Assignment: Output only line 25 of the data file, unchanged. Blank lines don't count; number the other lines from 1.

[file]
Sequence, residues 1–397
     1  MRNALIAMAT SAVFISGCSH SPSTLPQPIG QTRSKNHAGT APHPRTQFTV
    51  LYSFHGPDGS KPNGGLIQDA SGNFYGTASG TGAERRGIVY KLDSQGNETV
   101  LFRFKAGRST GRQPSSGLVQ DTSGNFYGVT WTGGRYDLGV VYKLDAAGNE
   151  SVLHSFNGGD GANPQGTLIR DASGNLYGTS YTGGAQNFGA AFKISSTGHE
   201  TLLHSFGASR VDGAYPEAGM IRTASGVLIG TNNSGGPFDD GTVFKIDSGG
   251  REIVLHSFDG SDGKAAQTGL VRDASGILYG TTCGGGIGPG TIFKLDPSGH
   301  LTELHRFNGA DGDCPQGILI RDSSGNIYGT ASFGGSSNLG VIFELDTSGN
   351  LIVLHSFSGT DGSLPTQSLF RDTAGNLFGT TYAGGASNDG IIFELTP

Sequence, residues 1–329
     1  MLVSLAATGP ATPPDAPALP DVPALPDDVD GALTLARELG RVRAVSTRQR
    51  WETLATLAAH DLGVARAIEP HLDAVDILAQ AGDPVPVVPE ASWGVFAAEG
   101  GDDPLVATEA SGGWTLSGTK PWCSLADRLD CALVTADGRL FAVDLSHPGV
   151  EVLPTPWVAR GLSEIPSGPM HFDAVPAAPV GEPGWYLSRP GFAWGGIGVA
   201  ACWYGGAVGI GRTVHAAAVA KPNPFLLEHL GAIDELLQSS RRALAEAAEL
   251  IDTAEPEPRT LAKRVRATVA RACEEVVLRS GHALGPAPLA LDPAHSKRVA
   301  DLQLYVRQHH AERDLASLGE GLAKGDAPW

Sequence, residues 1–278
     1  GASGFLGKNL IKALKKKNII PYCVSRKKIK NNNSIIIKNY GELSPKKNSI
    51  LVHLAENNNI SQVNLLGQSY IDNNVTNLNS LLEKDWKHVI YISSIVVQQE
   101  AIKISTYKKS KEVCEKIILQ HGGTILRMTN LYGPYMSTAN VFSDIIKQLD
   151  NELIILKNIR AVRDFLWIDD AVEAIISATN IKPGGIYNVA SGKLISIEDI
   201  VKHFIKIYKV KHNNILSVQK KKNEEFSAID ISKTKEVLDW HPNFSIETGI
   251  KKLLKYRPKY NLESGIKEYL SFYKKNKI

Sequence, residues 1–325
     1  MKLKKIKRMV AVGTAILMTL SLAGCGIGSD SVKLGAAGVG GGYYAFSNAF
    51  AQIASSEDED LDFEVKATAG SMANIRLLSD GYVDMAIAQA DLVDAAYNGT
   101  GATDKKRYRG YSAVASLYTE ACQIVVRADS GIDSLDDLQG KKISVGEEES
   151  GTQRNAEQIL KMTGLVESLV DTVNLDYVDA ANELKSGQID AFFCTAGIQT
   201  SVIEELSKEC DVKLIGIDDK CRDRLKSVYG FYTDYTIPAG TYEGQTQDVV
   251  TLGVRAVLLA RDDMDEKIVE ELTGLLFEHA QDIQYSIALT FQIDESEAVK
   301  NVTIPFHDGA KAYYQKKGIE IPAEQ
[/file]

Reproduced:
Sequence, residues 1–325